Java Tools for Developers in 2021

Java is a general-purpose, object-oriented programming language that hit the developer scene in 1995. It rapidly grew to the top of the food chain in the coder world as a top choice for enterprise applications, partially due to its wide breadth of tools for developers and its philosophy of WORA - write once, run anywhere. In this article, we will look at some of the best Java tools for developers and programmers in 2021.

A brief caveat before we begin - this is in no way a complete list of Java tools, nor are the development tools listed in any particular order or ranking. For brevity's sake, we will do a brief overview here and follow up in a future article with a full review of each toolset and its features - and, perhaps, how to use them - at a later date. Enough preamble: let's get started!

Apache Maven Project Management Tool for Java

First up in our list of coder tools for Java is Apache Maven, an application tool designed around the Project Object Model (POM) concept that is used for Project Management. It has a few key uses, but it is primarily used to build projects, create reports, manage dependencies, and help with building project documentation. Another great "power" of Apache Maven is its ability to allow you to manage third-party libraries or JARs and their relevant dependency. With Maven, this process is automated, so you can avoid the regular issues associated with manual downloads.


Other features of Apache Maven include:

  • Simple project setup for new projects or modules
  • Easy configuration for new features
  • Release management and distribution options
  • Ability to create a central JAR repository

You can read a full list of features and download a copy of Apache Maven at the Apache Maven Project website.

You can also check out this article on our sibling site that covers Getting Started with Apache Maven Java/J2EE.

SolarWinds Java Performance Tool

Performance is key when developing software in general, much less enterprise-level applications. With that in mind, a handy performance profiling app is a crucial tool in your developer toolbox. The SolarWinds Java Performance Tool is just such an application. Designed with one objective in mind: improve and optimize your Java apps.

Specifically, the Java Performance Tool tracks the behavior of applications on Java application servers and notifies developers of issues that could affect application or server performance. For instance, it could detect problems with fan speed and temperature within a Java server, trace health issues from JSON services, or track down web service APIs wreaking havoc on your Java software.

Here’s a link to learn more about SolarWinds Server and Application Monitor features.

Docker Java Virtualization Tool

Docker is a Java tool that allows a developer or software team to fully automate the deployment of their applications - whether that be on a physical app server or via a cloud resource. A resourceful sysadmin or software engineer can use Docker to build their software, ship it, and run distributed applications from any platform.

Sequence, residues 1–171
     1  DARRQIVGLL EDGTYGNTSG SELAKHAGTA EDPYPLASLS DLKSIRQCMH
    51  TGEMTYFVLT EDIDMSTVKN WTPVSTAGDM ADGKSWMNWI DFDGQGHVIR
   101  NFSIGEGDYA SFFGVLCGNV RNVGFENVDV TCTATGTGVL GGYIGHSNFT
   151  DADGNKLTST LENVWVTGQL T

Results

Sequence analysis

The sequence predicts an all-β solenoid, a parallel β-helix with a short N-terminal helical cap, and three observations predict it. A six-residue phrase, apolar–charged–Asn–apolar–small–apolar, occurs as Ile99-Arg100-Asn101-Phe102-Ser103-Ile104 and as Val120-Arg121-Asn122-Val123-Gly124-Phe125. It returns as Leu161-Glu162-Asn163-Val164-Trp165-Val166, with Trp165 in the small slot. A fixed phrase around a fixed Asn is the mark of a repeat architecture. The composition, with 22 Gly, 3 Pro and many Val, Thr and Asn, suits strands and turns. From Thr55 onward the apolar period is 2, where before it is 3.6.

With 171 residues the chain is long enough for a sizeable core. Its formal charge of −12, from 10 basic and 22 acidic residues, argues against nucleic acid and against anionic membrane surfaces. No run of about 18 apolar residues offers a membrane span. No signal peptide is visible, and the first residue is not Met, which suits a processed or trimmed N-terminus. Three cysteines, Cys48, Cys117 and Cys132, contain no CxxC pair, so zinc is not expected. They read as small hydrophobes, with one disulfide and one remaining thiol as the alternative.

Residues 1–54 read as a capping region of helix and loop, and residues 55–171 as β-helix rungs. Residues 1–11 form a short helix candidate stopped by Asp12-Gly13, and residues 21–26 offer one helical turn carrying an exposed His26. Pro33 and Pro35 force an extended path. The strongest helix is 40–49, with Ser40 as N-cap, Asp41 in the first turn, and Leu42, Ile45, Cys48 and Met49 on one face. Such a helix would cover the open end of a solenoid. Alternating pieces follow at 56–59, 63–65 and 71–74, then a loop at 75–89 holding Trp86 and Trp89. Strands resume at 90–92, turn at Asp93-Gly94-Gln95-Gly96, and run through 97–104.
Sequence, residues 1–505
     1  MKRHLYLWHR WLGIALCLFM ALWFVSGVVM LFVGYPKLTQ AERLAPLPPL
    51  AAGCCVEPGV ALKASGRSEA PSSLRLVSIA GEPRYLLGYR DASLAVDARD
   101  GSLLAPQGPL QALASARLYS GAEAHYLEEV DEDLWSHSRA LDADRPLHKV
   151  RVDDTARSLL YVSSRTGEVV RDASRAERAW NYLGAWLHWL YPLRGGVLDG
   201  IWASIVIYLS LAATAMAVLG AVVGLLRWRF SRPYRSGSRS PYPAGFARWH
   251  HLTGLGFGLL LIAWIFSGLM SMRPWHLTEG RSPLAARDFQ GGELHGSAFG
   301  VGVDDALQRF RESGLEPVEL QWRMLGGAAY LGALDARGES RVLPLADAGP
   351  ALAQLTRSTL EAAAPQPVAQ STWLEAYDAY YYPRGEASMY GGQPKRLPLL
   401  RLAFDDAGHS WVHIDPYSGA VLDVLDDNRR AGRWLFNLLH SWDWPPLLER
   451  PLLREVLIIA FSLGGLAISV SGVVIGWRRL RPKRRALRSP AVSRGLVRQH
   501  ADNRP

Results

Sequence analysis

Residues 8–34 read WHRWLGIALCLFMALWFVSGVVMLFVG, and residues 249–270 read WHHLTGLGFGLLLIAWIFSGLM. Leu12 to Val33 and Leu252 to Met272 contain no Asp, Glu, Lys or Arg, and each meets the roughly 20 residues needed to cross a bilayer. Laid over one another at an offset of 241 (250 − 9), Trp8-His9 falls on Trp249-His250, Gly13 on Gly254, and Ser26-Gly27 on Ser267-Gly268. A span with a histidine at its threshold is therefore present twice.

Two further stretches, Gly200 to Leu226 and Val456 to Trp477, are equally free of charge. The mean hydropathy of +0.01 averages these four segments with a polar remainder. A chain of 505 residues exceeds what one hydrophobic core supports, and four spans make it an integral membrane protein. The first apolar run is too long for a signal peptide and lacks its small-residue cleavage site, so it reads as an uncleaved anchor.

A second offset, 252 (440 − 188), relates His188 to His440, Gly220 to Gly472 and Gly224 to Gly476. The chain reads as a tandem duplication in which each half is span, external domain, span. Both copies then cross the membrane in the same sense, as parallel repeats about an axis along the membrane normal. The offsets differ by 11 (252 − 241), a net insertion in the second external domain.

Additionally, Docker promotes collaboration between app devs, letting your cobble together applications from separate components. You can use the tool to manage containers from an app as single groups or clusters. This helps maximize server resources and software performance.

Docker offers a variety of tools for Java developers, including development tools that let you build and test your software and the popular Kubernetes platform for cloud applications.

Follow the link to learn more about Docker’s Java tools.

Java Integrated Development Environment Tool: IntelliJ

At the end of the day, every developer - no matter what language you code in - needs a solid integrated development environment (IDE) to code in. Java developers are no different in that aspect. There are plenty of options out there - big names like Eclipse, VSCode, and NetBeans come to mind - but one of the most popular - and arguably most powerful and feature-rich IDEs for Java has to be JetBrain's IntelliJ IDEA.

One great feature of IntelliJ for Java is its Smart Completion feature, which is a sort of tooltexttip and autocomplete function that gives you a list of relevant symbols based on the current code you are typing in - just in case you need assistance with a function, class, or package. This is common across most IDEs, but IntelliJ steps their game up a little by offering several different versions of this feature, including performing cross-language refactoring, language injection, detecting duplicates, and even inspecting code for quick fixes.

IntelliJ's Java IDE also has a great suite of built-in developer tools that allow for version control, building, decompiling, and even connecting to Docker machines (if you use the suggested Docker discussed above).

Finally, another thing I love about IntelliJ is the fact that it supports other languages - including JavaScript and SQL - and other frameworks, such as AngularJS, Spring, and Android.

A full list of features is available on the IntelliJ IDEA page.